The Message Is Bigger Than a Man

Last year I watched the documentary “I Survived I Kissed Dating Goodbye.” I posted on Instagram and tagged Joshua Harris, who thanked me for my thoughts. Along with his response, I got comments from those positively impacted by “I Kissed Dating Goodbye (IKDG)” and those harmed by the message.

Today Harris’s Instagram account is awash with comments from hurt fans, curious strangers and still disgruntled readers. He recently announced his divorce from his wife of 21 years and mother of 3 children, singer/songwriter, Shannon Bonne. Following that shocking reveal, he renounced his Christian faith and apologized to the LGBTQ community; further igniting the controversy surrounding him.

Since pushback started against IKDG, I’ve been a defender of Harris’s writings. In the Fall of 2000 as a college freshman, I visited a Bible study with students reading Elisabeth Elliot’s, “Passion and Purity.” Since childhood I’d struggled with a endless series of crushes. After my mom bravely left her abortion appt. my parents married but divorced a year after. I spent my childhood between their homes. 1st to 5th grade I was in a different school yearly. Romance movies, teen novels, and peers convinced me a boyfriend was the missing link to happiness.

I devoured “Passion and Purity” and was moved by Elliot’s sacrificial obedience. I read “I Kissed Dating Goodbye, Boy Meets Girl: Say Hello to Courtship, When God Writes Your Love Story, Lady In Waiting”, and all the purity books I could get my hands on. I stopped watching films that fueled unhealthy fantasies. I began praying for my husband. I surrendered my desires to God, trusting Him with my love life.

Though I benefited from IKDG, I can’t defend every sentence of a book I read twenty years ago. The same applies to journals from my 20’s which thankfully didn’t become best-selling books. Harris’s documentary makes valid points about the things he got wrong. All I know is IKDG impacted me for the better.

 A dear friend from my campus Bible study who is also a thirty-something yr old Black woman shared that the impact of IKDG on our lives couldn’t be taken away. Every summer our families vacation in the Vineyard. As girls who grew up in single-parent homes we’re deeply grateful. Harris’s book gave us hope while statistics about Black women being the “least likely to get married” fueled fear.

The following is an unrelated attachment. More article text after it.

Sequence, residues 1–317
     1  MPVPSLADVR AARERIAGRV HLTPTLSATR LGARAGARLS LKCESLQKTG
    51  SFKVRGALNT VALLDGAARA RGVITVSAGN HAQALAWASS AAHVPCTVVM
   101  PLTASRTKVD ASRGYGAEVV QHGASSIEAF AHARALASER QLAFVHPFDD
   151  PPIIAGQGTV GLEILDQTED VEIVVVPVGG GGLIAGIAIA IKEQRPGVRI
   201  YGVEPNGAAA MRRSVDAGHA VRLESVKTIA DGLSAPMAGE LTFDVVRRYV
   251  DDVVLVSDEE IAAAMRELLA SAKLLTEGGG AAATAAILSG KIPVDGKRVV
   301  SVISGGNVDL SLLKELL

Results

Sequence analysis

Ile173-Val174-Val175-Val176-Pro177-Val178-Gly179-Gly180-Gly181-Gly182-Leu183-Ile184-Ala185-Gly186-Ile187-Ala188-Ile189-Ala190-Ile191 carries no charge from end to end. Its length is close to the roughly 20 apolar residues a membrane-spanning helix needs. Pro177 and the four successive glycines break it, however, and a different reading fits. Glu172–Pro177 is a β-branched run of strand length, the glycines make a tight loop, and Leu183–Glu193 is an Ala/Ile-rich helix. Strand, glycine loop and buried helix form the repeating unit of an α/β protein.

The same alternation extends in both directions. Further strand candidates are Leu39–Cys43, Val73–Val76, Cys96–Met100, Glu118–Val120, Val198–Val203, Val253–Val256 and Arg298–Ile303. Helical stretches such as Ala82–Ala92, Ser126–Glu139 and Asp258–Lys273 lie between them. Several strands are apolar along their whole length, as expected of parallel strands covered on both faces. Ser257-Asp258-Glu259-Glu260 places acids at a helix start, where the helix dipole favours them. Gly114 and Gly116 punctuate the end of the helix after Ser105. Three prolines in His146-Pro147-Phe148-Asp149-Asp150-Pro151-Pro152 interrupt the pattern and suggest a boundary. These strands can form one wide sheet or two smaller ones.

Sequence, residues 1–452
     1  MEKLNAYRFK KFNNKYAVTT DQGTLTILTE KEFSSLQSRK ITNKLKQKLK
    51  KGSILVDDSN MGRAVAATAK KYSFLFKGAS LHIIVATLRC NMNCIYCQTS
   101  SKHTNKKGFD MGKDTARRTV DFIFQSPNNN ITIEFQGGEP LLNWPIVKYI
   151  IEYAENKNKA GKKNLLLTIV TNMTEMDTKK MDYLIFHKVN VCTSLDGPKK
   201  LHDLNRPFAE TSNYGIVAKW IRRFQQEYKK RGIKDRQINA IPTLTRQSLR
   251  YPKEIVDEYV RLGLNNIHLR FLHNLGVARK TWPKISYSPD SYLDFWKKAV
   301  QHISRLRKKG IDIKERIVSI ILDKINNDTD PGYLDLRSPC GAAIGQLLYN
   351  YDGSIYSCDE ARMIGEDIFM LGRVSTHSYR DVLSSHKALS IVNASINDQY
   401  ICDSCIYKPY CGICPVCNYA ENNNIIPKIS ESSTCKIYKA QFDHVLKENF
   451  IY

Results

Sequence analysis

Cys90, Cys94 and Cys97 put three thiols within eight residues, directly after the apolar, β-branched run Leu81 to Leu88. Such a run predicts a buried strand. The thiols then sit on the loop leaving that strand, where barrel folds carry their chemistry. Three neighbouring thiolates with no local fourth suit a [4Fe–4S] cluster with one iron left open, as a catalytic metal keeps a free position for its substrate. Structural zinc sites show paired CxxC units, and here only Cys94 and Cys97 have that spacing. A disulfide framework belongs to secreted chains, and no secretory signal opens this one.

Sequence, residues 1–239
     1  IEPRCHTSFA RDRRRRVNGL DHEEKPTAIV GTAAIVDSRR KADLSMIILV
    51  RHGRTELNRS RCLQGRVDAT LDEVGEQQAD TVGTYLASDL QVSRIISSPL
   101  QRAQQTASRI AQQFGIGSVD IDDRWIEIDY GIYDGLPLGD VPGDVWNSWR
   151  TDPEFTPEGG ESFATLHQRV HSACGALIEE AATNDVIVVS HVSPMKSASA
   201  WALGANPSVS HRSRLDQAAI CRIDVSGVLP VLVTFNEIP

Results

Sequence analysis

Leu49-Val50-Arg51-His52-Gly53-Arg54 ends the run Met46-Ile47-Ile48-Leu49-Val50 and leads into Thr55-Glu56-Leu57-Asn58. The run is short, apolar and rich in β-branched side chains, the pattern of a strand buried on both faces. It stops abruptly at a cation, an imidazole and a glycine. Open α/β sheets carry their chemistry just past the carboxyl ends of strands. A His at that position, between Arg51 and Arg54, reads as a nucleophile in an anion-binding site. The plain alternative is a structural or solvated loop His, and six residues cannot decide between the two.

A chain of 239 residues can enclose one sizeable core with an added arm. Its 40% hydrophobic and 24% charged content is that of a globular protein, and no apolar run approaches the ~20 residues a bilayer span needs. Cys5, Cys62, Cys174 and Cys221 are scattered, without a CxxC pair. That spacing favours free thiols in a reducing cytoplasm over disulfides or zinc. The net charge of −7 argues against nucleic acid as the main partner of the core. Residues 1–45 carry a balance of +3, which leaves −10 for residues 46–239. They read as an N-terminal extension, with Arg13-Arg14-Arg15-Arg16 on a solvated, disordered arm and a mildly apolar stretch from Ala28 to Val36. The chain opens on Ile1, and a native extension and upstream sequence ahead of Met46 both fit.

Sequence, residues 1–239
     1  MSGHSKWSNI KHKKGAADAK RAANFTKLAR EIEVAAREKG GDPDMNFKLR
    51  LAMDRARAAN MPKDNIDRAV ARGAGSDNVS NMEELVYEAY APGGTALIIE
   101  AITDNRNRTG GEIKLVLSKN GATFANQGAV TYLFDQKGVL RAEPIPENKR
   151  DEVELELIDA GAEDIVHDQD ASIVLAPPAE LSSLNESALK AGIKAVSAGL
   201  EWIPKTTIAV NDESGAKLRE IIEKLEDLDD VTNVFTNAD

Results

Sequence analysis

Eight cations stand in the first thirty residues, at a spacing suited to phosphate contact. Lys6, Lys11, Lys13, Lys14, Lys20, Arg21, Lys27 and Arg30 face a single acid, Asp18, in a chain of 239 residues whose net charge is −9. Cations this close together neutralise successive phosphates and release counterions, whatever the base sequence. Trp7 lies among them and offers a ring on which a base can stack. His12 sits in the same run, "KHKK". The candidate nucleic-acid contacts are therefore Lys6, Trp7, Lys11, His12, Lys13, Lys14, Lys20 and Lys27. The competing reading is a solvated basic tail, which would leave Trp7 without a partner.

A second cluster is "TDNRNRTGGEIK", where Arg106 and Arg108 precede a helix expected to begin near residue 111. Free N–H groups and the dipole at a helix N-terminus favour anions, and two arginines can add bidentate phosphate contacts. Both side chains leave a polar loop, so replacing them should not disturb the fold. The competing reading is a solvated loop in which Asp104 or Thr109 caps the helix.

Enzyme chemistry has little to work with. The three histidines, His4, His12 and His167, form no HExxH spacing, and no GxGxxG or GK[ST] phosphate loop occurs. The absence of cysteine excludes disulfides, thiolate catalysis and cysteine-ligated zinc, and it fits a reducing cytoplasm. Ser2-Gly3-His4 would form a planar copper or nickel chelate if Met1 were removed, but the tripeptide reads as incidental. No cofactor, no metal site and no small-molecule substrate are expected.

In my 30’s I was ready to date. I’d spent my twenties as a missionary, living outside of D.C., Atlanta and traveled to places like Nepal, Mozambique, and Guatemala. I learned to love myself, made life-long friends and received emotional healing. I read other books like Shawn Bolz’s “The Nonreligious Guide to Dating” which is a good balance to the ones from my 20’s. The book I most looked to for guidance was the Bible. I had 6 months dating experience before meeting my husband and this summer we celebrated our 5th anniversary.


Waiting helped prepare me for marriage. I learned from other families, picked up cooking skills and lived in community environments. I married my husband as a strong, confident, happy woman.

IKDG was used by some pastors and parents in a legalistic manner. The stories online are heartbreaking. My story doesn’t invalidate theirs and I never want it to be used to do so. Nothing I read was pushed on me. I sought out a different way to live. Choosing to wait until marriage for sex was one of the best decisions I’ve made.

Some say IKDG guaranteed the promise of a happy marriage to those who obeyed the rules. We live in a world where books, ads, and media promise us something if we do this or that. I can’t turn on my phone without an ad for better hair, a nicer house or a more fulfilled life. Even Ruth and Boaz’s story can be taught as an obedience = happy ending formula. Purity messages can be manipulative but a call to trust God is not. The “Nazirite” message of pursuing holiness is better than anything I’ve seen in a Hollywood film.

Marriage and kids aren’t guaranteed and we don’t know why some receive them and others don’t. I married into a blended family and struggled with infertility and miscarriage. Blessings are real and so is suffering. The ultimate promise is never a spouse or child, but a relationship with Christ. All good gifts no matter how wanted are temporal blessings. Pursuing purity is something we should all seek in our thoughts, words, and deeds because God calls us to. Blessed are the pure in heart for they shall see God (Matthew 5:8) is enough of a motivation.

I’m forever grateful for the ministry of Harris’s. Though I’m hurt by their recent decisions I’m praying for them to know God’s love and mercy.


One of many prayer journals from my 20’s